A few days ago, the news broke that a massive piece of the Larsen Ice Shelf snapped off Antarctica, forming one o the largest icebergs in existence. It truly is massive: almost 2,500 square miles with a weight estimated to be around 1 trillion tons. Although it is very big, it’s dwarfed by the largest iceberg of the modern era. The B-15 iceberg that broke off the Ross Ice Shelf in 2000 was a over 4,000 square miles. It has since broken up in to smaller pieces.
When Larsen C finally broke off, researchers weren’t surprised–they had, in fact, been monitoring the slow breakup of the ice shelf for years. Up until ’95, the Larsen Ice Shelf was comprised of three main parts: Larsen A, B, and C. Then, in 1995, Larsen A, the smallest of the three, collapsed. Then, in 2002, Larsen B began to fall apart. And last year, NASA researchers noticed a rift in Larsen C that was about 70 miles long and 300 feet wide. It, of course, signaled the fate of the last part of the remaining shelf.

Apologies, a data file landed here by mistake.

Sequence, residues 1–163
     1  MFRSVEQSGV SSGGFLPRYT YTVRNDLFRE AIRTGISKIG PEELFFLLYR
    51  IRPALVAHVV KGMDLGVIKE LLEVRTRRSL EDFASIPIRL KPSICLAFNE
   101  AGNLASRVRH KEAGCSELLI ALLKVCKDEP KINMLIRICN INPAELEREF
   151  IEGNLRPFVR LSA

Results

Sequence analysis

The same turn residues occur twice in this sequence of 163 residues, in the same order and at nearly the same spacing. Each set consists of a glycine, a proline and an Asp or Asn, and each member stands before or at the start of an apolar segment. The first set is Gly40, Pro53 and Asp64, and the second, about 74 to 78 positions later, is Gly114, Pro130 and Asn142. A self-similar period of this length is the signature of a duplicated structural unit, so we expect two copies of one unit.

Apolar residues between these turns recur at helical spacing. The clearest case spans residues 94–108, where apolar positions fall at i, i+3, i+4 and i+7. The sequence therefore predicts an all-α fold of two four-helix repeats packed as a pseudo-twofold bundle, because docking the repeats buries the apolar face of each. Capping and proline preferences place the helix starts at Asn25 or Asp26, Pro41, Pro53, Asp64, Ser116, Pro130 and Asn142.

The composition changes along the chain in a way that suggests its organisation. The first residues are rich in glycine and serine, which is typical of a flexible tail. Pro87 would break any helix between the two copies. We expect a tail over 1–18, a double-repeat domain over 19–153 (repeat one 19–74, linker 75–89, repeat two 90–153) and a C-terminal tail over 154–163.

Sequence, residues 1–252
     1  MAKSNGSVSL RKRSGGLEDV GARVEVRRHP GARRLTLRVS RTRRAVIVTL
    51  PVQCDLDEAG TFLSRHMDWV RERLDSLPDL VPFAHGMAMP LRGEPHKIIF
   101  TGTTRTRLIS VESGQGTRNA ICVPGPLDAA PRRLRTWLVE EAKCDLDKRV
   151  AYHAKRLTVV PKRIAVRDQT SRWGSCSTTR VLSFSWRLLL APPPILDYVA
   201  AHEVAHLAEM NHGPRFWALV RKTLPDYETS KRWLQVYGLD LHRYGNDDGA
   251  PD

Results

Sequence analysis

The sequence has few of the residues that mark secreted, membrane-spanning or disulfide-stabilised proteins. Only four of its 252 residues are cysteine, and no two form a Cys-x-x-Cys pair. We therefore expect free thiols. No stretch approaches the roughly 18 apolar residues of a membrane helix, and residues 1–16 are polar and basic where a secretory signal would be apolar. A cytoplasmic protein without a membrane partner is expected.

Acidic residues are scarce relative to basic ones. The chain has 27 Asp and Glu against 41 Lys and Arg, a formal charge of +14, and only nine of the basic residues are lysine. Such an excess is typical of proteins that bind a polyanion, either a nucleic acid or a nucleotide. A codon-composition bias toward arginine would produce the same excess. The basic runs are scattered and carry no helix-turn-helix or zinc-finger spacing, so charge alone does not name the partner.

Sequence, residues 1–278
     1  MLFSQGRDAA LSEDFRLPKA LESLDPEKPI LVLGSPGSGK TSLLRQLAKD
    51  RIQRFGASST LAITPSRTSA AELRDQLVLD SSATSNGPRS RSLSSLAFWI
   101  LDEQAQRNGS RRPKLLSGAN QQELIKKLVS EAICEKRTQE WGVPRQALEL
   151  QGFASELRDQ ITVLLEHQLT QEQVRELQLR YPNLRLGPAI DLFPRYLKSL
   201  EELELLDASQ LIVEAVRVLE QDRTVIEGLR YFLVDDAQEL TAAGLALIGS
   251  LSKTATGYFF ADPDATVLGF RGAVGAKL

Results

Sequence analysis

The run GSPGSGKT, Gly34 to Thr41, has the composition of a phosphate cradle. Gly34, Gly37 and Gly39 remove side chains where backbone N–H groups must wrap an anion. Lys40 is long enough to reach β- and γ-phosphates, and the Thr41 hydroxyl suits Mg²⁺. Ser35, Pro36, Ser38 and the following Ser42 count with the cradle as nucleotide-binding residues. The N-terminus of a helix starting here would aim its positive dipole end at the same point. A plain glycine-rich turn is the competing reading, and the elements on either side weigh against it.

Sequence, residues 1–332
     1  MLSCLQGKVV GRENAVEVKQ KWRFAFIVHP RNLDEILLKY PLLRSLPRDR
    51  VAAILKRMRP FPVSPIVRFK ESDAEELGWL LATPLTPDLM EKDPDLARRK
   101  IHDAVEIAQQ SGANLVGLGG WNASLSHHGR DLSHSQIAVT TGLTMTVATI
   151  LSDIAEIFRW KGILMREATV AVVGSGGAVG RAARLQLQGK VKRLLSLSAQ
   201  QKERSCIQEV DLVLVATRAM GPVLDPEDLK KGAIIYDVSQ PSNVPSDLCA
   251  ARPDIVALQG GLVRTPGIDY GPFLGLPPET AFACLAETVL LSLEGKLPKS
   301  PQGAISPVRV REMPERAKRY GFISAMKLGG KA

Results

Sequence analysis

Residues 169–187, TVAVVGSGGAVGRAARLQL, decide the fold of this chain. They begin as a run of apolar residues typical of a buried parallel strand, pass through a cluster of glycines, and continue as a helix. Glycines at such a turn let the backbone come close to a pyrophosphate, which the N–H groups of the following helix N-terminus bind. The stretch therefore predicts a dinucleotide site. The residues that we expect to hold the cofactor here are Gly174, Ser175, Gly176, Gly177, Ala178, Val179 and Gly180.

If you’re worried about the effect this might have on sea-level rise, don’t be. Ice shelves have no bearing on it, because they’re (as the name implies) merely shelves hanging off the edge. They’re already in the water, but they do play a role in holding back glaciers that sit behind them. Ice shelves routinely break off and form icebergs, and the glaciers advance and create more. Researchers also don’t believe the demise of the Larsen Shelf has anything to do with climate change. “Although many scientists believed that climate change has made the cracks grow quicker, the event is best described as a geographical event rather than a climate event,” wrote Tom Hale for ILFScience.com.